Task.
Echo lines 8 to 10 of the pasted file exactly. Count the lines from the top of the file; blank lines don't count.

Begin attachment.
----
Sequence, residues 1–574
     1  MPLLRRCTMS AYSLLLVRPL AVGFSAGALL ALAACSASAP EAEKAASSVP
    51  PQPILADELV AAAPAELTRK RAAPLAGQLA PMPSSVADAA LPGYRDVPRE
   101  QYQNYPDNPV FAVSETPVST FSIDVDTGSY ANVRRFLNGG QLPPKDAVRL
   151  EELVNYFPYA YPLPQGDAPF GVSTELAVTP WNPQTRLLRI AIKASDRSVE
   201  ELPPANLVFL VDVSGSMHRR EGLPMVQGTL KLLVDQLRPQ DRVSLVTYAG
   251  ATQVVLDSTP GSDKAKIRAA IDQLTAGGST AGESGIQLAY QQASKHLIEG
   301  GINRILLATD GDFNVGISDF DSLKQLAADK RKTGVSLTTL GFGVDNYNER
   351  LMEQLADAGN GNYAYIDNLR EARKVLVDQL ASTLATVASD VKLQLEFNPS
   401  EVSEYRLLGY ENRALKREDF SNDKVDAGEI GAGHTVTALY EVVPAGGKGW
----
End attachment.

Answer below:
   301  GINRILLATD GDFNVGISDF DSLKQLAADK RKTGVSLTTL GFGVDNYNER
   351  LMEQLADAGN GNYAYIDNLR EARKVLVDQL ASTLATVASD VKLQLEFNPS
   401  EVSEYRLLGY ENRALKREDF SNDKVDAGEI GAGHTVTALY EVVPAGGKGW